• A new 3/4-inch-thick steel fin wall wraps around the facade of the 1940s masonry building. - photo by Leonid Furmansky

The Commune, a co-working spot for creatives in Austin’s North Loop neighborhood, occupies a 1940s commercial building that formerly housed a locksmith.

Architect Hunt Architecture
Client Lauren Cunningham
General Contractor Texas Construction & Design
Interior Designer Clair Zinnecker Design
Fabrication Petrified Design
Structural Engineer Arch Consulting Engineers

The block of North Loop Boulevard between Avenue F and the Austin State Hospital Cemetery is home to a novel collection of mostly single-story 1940s retail buildings occupied primarily by vintage clothing and furniture stores. With its ample neon signage, limited parking, and general shabbiness, it has for many people today something of the air of the “old Austin”: a funky hideaway for freaks and geeks. But the new Austin has arrived at this low-density neighborhood on the northern fringe of the central city, and its latest commercial representative is The Commune, a co-working space for the next crop of creatives. 

Designed by Hunt Architecture with interior design by Claire Zinnecker, the project is a renovation of an existing structure that most recently housed a locksmith shop. It had, however, sat empty for a decade. Several businesses had looked at it as a potential location, but there had been no takers, mainly due to the lack of parking. Lauren Cunningham, however, founder and owner of The Commune, saw in the plain little building quite a lot of potential. She purchased it in 2018, put in a parking variance request with the city, and, once that was approved, moved forward with a repositioning of the old structure.

While scrapping the building and erecting a wood-framed box in its place would have been cheaper, that would have obliterated the marketing strategy. The scuffed concrete floor, steel pipe columns, exposed timber joists, and faulty CMU walls exuded a spirit that Cunningham — a graphic designer by trade — knew today’s creatives would respond to, were it given the right touch. 

The first step was bringing daylight into the 3,600-sf, bunker-like building. The design team added eight skylights and clerestories to the roof and opened up the perimeter with steel-framed windows, many of which are operable. The CMU walls were patched and the street facade was redone with a 3/4-inch-thick steel fin wall and a large entry aperture that includes a picture window. To keep things bright, the interior and exterior are painted white, with what few colors there are appearing in pastel pinks, blues, and greens. Blond wood tabletops and cabinetry, curated ceramics, and potted plants (not to mention floral aromatics permeating the space) round out the aesthetic. Windows, doors, steelwork, millwork, and much of the furniture was fabricated by local makers Petrified Design.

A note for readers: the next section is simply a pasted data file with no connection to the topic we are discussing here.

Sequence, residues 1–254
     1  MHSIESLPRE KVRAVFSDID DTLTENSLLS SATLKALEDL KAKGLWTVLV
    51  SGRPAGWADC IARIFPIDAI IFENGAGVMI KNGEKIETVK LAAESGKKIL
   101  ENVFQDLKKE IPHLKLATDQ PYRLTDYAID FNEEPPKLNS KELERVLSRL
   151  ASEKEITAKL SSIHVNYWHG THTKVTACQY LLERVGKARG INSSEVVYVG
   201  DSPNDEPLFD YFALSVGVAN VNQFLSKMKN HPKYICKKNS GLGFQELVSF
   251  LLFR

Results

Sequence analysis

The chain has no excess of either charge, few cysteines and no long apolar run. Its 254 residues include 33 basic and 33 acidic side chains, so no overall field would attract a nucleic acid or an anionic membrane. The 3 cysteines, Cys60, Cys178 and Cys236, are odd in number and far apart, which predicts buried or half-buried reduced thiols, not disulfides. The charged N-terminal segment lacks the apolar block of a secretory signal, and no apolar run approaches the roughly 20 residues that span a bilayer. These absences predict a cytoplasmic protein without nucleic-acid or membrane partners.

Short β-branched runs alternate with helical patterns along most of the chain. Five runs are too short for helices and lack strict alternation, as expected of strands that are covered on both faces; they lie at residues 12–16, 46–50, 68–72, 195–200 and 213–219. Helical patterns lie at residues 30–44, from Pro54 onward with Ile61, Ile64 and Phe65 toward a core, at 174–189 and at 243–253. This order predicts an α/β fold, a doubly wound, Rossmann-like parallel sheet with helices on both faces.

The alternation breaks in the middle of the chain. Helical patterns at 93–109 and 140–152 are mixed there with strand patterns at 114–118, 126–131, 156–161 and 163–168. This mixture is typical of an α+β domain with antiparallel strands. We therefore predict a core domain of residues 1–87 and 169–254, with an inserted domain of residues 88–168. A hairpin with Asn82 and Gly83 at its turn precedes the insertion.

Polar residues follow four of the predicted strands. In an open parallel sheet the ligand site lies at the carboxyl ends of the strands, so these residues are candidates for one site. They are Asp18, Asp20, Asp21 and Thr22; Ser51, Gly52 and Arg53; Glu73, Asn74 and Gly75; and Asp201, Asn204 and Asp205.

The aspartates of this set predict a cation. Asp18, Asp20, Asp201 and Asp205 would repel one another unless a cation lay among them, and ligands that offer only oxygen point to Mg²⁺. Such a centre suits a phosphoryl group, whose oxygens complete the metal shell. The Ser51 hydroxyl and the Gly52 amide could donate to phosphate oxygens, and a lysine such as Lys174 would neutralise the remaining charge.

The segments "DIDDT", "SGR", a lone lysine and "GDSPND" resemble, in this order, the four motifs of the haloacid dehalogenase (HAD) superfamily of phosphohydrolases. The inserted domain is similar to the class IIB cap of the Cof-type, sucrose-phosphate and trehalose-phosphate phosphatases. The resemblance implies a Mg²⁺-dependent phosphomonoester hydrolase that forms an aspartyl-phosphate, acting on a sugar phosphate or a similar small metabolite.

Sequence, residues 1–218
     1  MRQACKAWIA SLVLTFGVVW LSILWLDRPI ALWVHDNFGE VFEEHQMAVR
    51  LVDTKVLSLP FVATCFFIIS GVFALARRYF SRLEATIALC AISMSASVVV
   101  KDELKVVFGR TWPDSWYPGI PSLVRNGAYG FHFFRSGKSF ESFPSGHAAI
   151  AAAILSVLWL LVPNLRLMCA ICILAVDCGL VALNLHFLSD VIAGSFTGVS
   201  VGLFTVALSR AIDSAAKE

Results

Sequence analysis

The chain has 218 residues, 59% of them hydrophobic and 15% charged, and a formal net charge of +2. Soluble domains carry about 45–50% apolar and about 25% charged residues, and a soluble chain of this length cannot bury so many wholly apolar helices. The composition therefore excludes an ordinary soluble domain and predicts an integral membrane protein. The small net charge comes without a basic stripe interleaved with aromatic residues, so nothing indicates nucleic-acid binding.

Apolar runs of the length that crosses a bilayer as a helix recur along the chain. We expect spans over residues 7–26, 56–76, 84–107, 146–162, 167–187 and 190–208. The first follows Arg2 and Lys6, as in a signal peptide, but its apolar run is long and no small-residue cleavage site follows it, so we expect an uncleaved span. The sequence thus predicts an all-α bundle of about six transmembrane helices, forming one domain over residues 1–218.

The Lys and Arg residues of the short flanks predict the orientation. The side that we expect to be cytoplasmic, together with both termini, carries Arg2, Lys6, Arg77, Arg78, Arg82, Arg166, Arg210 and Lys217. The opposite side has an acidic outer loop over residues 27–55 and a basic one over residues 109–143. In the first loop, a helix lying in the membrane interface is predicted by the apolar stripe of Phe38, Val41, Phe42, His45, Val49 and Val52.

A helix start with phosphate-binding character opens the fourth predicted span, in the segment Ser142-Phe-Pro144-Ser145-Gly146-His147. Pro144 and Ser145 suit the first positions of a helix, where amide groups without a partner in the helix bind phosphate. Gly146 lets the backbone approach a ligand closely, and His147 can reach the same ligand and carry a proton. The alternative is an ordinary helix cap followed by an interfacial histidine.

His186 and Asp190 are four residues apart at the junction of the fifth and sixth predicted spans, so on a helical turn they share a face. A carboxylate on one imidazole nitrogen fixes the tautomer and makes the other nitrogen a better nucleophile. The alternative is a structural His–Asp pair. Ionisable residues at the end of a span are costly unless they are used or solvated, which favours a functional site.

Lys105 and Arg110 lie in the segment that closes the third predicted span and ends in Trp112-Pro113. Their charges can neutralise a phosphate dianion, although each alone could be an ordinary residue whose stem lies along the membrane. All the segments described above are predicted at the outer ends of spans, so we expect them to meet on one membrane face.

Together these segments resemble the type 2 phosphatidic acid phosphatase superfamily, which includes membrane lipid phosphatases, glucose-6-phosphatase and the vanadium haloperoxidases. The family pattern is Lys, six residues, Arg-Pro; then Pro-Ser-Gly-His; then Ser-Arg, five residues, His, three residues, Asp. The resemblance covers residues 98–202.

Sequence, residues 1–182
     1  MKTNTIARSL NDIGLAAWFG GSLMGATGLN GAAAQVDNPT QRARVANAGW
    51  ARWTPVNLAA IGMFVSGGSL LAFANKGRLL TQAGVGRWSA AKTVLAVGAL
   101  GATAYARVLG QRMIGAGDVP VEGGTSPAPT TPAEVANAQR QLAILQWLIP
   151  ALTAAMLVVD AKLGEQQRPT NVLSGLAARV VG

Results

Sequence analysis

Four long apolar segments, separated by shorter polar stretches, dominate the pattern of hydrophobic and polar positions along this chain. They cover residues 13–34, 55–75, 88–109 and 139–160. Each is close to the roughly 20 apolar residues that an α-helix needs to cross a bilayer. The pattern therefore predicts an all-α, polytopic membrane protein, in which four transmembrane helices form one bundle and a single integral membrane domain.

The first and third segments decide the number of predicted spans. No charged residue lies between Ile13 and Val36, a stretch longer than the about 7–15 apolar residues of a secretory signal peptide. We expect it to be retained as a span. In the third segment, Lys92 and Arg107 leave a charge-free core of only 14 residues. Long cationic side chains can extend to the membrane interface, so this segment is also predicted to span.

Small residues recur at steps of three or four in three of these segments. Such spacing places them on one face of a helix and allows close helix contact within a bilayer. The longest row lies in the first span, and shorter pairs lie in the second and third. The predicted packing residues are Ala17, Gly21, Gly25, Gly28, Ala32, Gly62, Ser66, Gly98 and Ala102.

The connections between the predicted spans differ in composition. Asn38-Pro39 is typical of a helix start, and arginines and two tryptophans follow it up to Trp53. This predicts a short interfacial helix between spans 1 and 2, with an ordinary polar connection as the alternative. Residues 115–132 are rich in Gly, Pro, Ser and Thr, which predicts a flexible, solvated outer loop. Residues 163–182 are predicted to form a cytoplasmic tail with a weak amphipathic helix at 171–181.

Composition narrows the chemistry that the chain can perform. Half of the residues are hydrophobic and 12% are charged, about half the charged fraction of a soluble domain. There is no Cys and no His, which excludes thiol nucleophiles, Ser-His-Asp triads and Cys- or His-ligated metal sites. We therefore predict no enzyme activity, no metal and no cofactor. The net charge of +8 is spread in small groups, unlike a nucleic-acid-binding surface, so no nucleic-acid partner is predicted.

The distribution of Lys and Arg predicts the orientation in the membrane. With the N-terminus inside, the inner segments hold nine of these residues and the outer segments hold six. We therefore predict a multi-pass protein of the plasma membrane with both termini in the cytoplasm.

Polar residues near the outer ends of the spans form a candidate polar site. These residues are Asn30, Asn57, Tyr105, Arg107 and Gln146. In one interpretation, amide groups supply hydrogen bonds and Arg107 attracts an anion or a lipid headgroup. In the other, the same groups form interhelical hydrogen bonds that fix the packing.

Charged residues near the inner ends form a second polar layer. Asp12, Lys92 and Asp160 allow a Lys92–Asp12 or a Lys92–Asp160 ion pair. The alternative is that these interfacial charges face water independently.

The interior space is divided between an open co-working area with a lounge, desks, and large, communal tables and seven enclosed studios, two of which open onto the common area with sliding operable walls. There is also a photo studio, a conference room, a design resource library stocked with sample books, a canvas storage locker, two private phone booths, and a kitchen. The Commune offers several tiers of membership, from day passes to private studios, all of which were taken, with the wait list growing, as of press time. 

Before moving to Austin two years ago, Hunt Architecture’s husband-and-wife team, Nicholas and Brittany, lived in Brooklyn and worked for Tod Williams Billie Tsien Architects. While this is their first commercial project, in scope it closely resembles the New York City apartment renovations with which the couple incubated their practice. (They still take on such projects because the fees for a New York City apartment renovation are equivalent to those of a ground-up house in Austin.) With but a few simple moves, made in collaboration with Cunningham, who brought her own design sensibility to the process, a significant transformation has occurred, and a decrepit space has been freshened for a new generation. 

Aaron Seward is editor of Texas Architect. 

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